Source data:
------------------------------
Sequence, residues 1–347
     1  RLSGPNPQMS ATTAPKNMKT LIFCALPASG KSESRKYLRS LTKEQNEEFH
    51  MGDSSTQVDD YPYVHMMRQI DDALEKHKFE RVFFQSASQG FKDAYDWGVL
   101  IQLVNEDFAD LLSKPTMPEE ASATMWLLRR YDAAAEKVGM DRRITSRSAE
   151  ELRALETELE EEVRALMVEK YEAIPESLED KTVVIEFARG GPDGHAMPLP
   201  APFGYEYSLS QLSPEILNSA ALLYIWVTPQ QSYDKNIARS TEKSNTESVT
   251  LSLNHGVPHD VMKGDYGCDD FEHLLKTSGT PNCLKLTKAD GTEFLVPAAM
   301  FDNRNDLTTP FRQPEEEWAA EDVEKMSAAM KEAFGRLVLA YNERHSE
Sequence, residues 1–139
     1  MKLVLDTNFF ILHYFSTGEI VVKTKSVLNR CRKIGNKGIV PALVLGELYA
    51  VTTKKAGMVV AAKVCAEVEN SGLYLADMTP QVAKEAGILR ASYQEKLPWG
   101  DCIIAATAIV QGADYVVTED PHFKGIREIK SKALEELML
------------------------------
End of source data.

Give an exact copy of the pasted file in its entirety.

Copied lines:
Sequence, residues 1–347
     1  RLSGPNPQMS ATTAPKNMKT LIFCALPASG KSESRKYLRS LTKEQNEEFH
    51  MGDSSTQVDD YPYVHMMRQI DDALEKHKFE RVFFQSASQG FKDAYDWGVL
   101  IQLVNEDFAD LLSKPTMPEE ASATMWLLRR YDAAAEKVGM DRRITSRSAE
   151  ELRALETELE EEVRALMVEK YEAIPESLED KTVVIEFARG GPDGHAMPLP
   201  APFGYEYSLS QLSPEILNSA ALLYIWVTPQ QSYDKNIARS TEKSNTESVT
   251  LSLNHGVPHD VMKGDYGCDD FEHLLKTSGT PNCLKLTKAD GTEFLVPAAM
   301  FDNRNDLTTP FRQPEEEWAA EDVEKMSAAM KEAFGRLVLA YNERHSE
Sequence, residues 1–139
     1  MKLVLDTNFF ILHYFSTGEI VVKTKSVLNR CRKIGNKGIV PALVLGELYA
    51  VTTKKAGMVV AAKVCAEVEN SGLYLADMTP QVAKEAGILR ASYQEKLPWG
   101  DCIIAATAIV QGADYVVTED PHFKGIREIK SKALEELML